Auburn University Human Sciences Dean June Henton retires after three decades of visionary leadership

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Looking back over June Henton’s career, there is no question that she has poured her heart and soul into her life’s work.

After 34 years of dedicated service to Auburn University, Henton retired as dean of the College of Human Sciences on June 30. Industry professionals and great academic minds alike laud her as a visionary leader, ahead of her time in pursuing opportunities to improve the college. Many know her as the backbone of the human sciences.

In 1985, when Henton stepped in as dean of what was then the School of Home Economics, similar colleges around the country were being disbanded. Departments were often separated and redistributed at universities, and it seemed that Auburn’s program might evaporate as well. But Henton told her faculty that even after just a few years in the role, she was willing to fall on her sword to keep the college together. Her faculty and the school’s donors responded with unconditional support.

“We would have been long gone if we hadn’t had this cohesiveness in the college. It was a time when we recognized the power and influence that we had,” Henton said. “If we could get the wherewithal to do something, we had the autonomy to do it. We can be innovative and we can be who we want to be in this college, and I think that gave us a lot of encouragement to move forward.”

In the schools that survived, the country also saw a wave of name changes. “Home economics” no longer accurately portrayed the intellectual and scientific value of what colleges were teaching, so many changed their name to things such as “family sciences” or “human ecology.”

Auburn was the first to name a “College of Human Sciences.”

With a new name for the college, Henton moved forward as dean with the hope that it would help bring the college out from under dated stereotypes associated with the study of home economics. But the name wasn’t the only thing that changed. The college started focusing on specialization, globalization, affirmations of diversity, professional development for students and trends in the apparel industry. The last led to the creation of the National Textile Center University Research Consortium in 1991.

What the U.S. Congress would later call ‘a model for America’ was the brainchild of Henton and her professional advisors. Several members were heads of Alabama companies that were in a state of panic because of the rising rate of offshore sourcing. The North American Free Trade Agreement was on the horizon, but not yet passed, and the apparel industry was being streamlined almost everywhere.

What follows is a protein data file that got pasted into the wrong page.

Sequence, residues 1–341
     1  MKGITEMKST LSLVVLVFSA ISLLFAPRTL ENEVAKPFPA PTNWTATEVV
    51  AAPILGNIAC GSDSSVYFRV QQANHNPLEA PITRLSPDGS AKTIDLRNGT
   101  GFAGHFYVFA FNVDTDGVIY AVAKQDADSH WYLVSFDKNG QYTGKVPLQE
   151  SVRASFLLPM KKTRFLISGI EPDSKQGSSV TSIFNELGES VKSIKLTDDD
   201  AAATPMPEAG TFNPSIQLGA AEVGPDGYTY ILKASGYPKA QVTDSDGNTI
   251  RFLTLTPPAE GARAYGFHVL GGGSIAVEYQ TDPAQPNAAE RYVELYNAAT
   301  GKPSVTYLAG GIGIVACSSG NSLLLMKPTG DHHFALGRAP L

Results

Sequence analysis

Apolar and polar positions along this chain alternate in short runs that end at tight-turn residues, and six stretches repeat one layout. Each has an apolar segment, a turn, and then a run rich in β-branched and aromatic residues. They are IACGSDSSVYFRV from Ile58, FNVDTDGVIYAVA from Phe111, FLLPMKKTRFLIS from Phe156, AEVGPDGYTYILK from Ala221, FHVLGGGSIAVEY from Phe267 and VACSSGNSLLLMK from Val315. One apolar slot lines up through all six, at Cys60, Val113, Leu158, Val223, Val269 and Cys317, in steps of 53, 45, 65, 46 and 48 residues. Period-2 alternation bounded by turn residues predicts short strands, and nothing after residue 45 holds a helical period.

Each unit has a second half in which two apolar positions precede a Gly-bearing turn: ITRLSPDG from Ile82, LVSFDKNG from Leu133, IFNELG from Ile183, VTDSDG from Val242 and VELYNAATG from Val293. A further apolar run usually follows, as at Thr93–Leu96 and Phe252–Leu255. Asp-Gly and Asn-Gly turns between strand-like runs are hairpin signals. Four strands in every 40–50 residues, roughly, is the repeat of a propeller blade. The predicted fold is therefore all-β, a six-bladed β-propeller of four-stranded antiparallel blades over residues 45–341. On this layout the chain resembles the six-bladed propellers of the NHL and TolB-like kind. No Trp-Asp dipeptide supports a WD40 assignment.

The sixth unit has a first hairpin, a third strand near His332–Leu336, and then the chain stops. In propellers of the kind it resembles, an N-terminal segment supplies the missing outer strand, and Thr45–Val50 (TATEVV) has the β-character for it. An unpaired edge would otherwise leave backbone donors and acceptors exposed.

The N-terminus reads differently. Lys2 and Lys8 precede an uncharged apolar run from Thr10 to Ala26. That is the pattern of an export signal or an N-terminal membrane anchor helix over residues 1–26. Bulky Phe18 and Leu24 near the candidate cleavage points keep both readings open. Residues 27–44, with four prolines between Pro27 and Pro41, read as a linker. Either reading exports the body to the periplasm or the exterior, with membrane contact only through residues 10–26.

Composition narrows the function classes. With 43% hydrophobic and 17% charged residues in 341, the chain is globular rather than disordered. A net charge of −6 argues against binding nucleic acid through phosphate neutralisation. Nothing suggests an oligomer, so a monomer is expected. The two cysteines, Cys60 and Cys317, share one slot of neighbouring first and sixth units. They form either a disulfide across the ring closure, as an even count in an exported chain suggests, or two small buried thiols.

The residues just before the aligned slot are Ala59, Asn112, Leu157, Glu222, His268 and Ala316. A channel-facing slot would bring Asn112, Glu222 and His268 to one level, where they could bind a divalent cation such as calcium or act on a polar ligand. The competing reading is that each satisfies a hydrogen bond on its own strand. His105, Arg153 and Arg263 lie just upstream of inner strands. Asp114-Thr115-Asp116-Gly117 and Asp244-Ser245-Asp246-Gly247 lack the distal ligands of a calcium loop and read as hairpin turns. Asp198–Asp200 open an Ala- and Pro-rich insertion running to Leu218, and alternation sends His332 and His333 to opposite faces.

With the help of Bill Walsh, head of the textile engineering department in Auburn’s College of Engineering at the time, a partnership was formed among Auburn, North Carolina State, Clemson University and the Georgia Institute of Technology to build the National Textile Center University Research Consortium to study ways to improve the textile industry along the pipeline, all the way from fiber to retail. The group worked with industry leaders, representatives and, eventually, Congress to move the initiative forward. Soon, the U.S. Department of Commerce recognized the significance of the project in the arena of national security and funded the consortium which quickly grew to include eight universities. This was the initiative that put Auburn’s Apparel Merchandising, Design and Production Management program on the map—the first step to becoming nationally ranked degree programs.

Beyond elevating the college’s programs to the national stage, Henton’s work to globalize the college has been unmatched. She was ahead of the curve in recognizing the value of a global education and relied on her International Board of Advisors, created in 1992, for guidance in making sure every program in the college had a global element. Once that philosophy was integrated into the college’s programs, Henton turned her eyes to the global stage.

Henton noticed other universities had established permanent campuses overseas and embarked on a mission to create one for Auburn. Through the connections of the International Board, Henton connected with the mayor of Ariccia—a small town just south of Rome, Italy. The city had recently purchased the Palazzo Chigi from the family’s last prince and wanted a portion of the palace to be used in some capacity other than a museum. Henton said the stars aligned for Auburn to establish a campus in Ariccia, and it remains the university’s only permanent overseas campus.